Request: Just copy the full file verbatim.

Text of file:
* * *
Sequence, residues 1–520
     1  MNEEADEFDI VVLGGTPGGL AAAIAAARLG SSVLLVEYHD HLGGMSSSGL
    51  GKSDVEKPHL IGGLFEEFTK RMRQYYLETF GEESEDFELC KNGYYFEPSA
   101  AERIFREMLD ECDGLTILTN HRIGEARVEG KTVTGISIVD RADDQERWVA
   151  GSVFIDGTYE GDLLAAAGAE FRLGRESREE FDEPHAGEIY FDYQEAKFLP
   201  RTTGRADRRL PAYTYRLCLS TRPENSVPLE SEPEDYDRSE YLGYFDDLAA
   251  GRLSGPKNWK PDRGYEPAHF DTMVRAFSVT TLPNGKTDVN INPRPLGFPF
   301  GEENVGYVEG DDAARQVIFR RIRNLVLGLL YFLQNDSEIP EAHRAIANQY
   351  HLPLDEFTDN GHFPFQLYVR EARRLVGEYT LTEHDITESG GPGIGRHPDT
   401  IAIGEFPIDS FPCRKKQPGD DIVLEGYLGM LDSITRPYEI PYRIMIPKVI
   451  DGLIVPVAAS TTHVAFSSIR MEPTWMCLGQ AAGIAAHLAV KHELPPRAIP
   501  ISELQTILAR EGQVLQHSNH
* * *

Sequence, residues 1–520
     1  MNEEADEFDI VVLGGTPGGL AAAIAAARLG SSVLLVEYHD HLGGMSSSGL
    51  GKSDVEKPHL IGGLFEEFTK RMRQYYLETF GEESEDFELC KNGYYFEPSA
   101  AERIFREMLD ECDGLTILTN HRIGEARVEG KTVTGISIVD RADDQERWVA
   151  GSVFIDGTYE GDLLAAAGAE FRLGRESREE FDEPHAGEIY FDYQEAKFLP
   201  RTTGRADRRL PAYTYRLCLS TRPENSVPLE SEPEDYDRSE YLGYFDDLAA
   251  GRLSGPKNWK PDRGYEPAHF DTMVRAFSVT TLPNGKTDVN INPRPLGFPF
   301  GEENVGYVEG DDAARQVIFR RIRNLVLGLL YFLQNDSEIP EAHRAIANQY
   351  HLPLDEFTDN GHFPFQLYVR EARRLVGEYT LTEHDITESG GPGIGRHPDT
   401  IAIGEFPIDS FPCRKKQPGD DIVLEGYLGM LDSITRPYEI PYRIMIPKVI
   451  DGLIVPVAAS TTHVAFSSIR MEPTWMCLGQ AAGIAAHLAV KHELPPRAIP
   501  ISELQTILAR EGQVLQHSNH